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Interview with Circus Oz's guest director Anni Davey

This circus boss is one of the reasons Melbourne remains at the forefront of circus as an art form

Robert Blackburn

Anni Davey is nothing short of a Melbourne marvel. You may have seen her in a show with her equally audacious twin sister, Maude Davey (Maude is a burlesque, theatre and performance artist, while Anni is a circus performer and director). You may also know her from her work with another Melbourne icon, Circus Oz, which has been pushing boundaries of circus, running community outreach programs and making political statements with their work since 1978.

Davey has been involved with Circus Oz since the ’80s in one capacity or another, first as an aerialist and later in operational roles. Currently, she’s Circus Oz’s guest show director on the company’s latest show, TwentySixteen. It’s been a challenging ride to get to this point though.

During the Edinburgh Festival in 1991, Davy’s foot strap broke and she plummeted to the floor, breaking her neck and both wrists, which left her laid up in traction for five months. Most folks wouldn’t brave getting back up to those heights again, but Davey did. “I could never imagine doing anything else,” she says. “I finally stopped being a performer at the end of 2004. About four months after that moment that I woke up and went, ‘something is different: I’m not in pain’. So at that moment, deciding not to do it anymore was a good decision, but earlier there was no way I was going to stop performing.”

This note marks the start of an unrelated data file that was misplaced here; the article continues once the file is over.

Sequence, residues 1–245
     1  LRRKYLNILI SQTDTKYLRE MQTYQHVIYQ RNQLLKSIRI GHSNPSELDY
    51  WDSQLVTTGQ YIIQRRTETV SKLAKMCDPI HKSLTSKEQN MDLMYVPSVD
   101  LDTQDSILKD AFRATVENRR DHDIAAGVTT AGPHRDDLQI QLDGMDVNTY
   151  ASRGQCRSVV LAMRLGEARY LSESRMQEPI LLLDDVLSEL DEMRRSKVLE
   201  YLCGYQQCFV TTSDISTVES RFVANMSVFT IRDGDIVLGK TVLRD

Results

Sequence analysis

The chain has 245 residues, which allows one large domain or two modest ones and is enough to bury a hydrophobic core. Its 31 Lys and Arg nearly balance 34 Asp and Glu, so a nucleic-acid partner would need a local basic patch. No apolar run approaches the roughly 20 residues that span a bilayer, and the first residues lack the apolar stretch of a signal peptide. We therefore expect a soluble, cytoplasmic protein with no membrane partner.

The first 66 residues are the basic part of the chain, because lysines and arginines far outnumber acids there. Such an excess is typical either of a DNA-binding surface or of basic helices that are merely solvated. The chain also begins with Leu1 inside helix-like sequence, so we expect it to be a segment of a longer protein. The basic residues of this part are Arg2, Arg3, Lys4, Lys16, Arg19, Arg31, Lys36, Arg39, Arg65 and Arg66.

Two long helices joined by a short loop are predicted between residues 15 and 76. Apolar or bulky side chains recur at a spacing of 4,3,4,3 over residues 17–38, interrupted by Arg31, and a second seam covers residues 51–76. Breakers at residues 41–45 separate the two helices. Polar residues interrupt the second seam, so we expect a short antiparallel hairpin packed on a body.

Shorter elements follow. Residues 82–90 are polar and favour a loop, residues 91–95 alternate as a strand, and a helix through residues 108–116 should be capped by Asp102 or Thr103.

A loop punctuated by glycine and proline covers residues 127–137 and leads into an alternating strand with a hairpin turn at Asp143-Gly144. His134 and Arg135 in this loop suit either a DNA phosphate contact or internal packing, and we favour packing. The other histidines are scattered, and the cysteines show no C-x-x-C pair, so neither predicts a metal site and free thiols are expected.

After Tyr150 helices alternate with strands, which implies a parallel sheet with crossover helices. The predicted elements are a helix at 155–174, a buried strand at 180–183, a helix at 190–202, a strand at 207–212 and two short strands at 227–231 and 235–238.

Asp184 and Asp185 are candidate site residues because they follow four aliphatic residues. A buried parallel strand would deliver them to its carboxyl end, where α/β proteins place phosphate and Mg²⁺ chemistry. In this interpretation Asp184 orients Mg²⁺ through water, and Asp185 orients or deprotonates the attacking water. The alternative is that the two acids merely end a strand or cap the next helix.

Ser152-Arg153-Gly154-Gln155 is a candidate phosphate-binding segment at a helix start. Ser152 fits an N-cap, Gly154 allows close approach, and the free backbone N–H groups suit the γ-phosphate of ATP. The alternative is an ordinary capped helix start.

In developing TwentySixteen, Davey has taken the repertoire of circus tricks and apparatus and challenged tradition, drawing inspiration from some unexpected quarters. “I’ve tried to make the pole act look really new,” she says. “We all know what a traditional Chinese pole act looks like – there’s a number of tricks and it’s very presentational and people jump up and do extraordinary things on a pole and you go ‘how the hell does anybody do that?’. Then they jump down and somebody else jumps up and does something extraordinary – handstands which are sideways and suspended by nothing except for muscle and bone. So, for this one I tried to make it very fluid – I talked about oozing and caterpillars, tentativeness, groups and clumping. I’m really proud of what we’ve come up with because it’s a very different way of performing pole. It came from experiments we did at the beginning of the process – we went to a pole dancing class – they work with the same apparatus basically, but they do really different things and I wanted to know what that movement quality was and what would it do to our tricks.”

You can catch TwentySixteen at the Circus Oz bigtop at Birrarung Marr until 10 July 2016. In the meantime, check out our review of the show (hint: we enjoyed laughed so hard our cheeks hurt).

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